Objectives: To review the incidence, clinical presentation, and management of meningeal hemangiopericytomas of the lateral skull base and cerebellopontine angle (CPA), and describe a case of anaplastic hemangiopericytoma of the CPA and middle cranial fossa presenting as a middle ear mass.
Study Design: Case report and literature review
Methods: The case of a patient with hearing loss and a middle ear mass, ultimately found to have invasive, anaplastic hemangiopericytoma of the skull base, is presented. The clinical, radiologic, and pathologic features of hemangiopericytomas are discussed. The trans-zygomatic approach for excision of lesions in the middle cranial fossa is described.
Results: A 51-year-old male presented to a tertiary center with a one year history of progressive, unilateral hearing loss, pulsatile tinnitus, mild disequilibrium, and word finding difficulty. Physical examination demonstrated a vascular mass in the left middle ear abutting the tympanic membrane. Magnetic resonance imaging revealed a 4 cm, T1-/T2-isointense, contrast-enhancing mass with a dural tail centered over the left petrous bone in the middle cranial fossa. The mass was eroding the middle fossa bone and extending into the middle ear, and the surrounding temporal lobe tissues exhibited extensive edema. A trans-zygomatic approach with a pterional craniotomy was used to access the middle cranial fossa, exposing a well-encapsulated, highly vascular mass extending into the temporal lobe. Manipulation of the tumor resulted in significant hemorrhage, raising the possibility that the mass was not a typical meningioma. After removing the mass from the temporal lobe, middle ear, and Eustachian tube, an anterior petrosectomy was performed to remove tumor from the internal auditory canal (IAC) and carotid artery region. The facial nerve near the IAC was completely encased in tumor, and all but a small amount of tumor firmly adherent to the nerve was successfully removed. The final pathologic diagnosis was anaplastic hemangiopericytoma (WHO Grade III). Metastatic workup revealed no extracranial disease, and the patient underwent adjuvant radiation therapy. He continues to do well with only mild disequilibrium and anomic aphasia at six-month follow-up.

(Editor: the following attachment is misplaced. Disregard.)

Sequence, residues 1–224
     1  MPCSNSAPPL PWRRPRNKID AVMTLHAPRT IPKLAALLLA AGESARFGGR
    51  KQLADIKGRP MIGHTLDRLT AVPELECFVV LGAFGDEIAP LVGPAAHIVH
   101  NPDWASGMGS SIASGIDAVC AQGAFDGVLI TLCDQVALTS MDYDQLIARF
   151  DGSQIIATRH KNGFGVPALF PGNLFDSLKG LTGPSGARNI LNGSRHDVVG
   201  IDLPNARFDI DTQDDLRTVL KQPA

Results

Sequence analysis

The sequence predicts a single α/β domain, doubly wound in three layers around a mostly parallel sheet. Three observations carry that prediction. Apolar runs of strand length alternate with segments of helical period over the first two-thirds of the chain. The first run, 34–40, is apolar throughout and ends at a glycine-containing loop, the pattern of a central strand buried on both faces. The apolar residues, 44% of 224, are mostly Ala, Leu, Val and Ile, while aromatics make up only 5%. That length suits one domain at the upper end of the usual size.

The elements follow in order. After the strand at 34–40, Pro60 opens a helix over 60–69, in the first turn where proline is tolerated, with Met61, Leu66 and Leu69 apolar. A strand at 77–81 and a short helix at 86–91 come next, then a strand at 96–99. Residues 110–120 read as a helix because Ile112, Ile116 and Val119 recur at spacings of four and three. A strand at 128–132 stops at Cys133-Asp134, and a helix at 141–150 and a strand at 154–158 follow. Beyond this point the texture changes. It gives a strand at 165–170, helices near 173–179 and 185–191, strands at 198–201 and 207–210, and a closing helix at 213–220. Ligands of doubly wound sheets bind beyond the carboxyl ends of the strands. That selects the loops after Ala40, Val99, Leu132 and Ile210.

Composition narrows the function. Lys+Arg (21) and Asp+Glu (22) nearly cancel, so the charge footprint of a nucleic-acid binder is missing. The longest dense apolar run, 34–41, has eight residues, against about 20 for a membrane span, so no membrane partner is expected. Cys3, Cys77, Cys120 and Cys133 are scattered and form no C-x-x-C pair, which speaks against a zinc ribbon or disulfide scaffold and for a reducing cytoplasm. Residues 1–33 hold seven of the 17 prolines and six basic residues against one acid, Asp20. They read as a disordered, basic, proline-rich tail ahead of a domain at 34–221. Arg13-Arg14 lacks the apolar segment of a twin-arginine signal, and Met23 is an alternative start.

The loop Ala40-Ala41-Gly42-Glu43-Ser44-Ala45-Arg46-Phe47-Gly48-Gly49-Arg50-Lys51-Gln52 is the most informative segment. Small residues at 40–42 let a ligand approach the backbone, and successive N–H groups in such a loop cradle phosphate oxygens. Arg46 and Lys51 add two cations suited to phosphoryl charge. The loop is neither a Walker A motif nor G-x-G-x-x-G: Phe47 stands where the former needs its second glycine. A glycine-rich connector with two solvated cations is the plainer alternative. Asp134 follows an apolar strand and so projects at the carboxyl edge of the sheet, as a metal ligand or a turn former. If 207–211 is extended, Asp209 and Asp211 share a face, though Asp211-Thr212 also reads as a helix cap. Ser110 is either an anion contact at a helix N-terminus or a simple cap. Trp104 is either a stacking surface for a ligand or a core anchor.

Conclusions: Hemangiopericytomas are rare, malignant neoplasms that are aggressive and highly vascular in nature. Current management recommendations include mass excision followed by radiotherapy. Continued close surveillance is required for patients with anaplastic hemangiopericytoma due to the aggressive nature of this tumor and its propensity for recurrence or metastasis.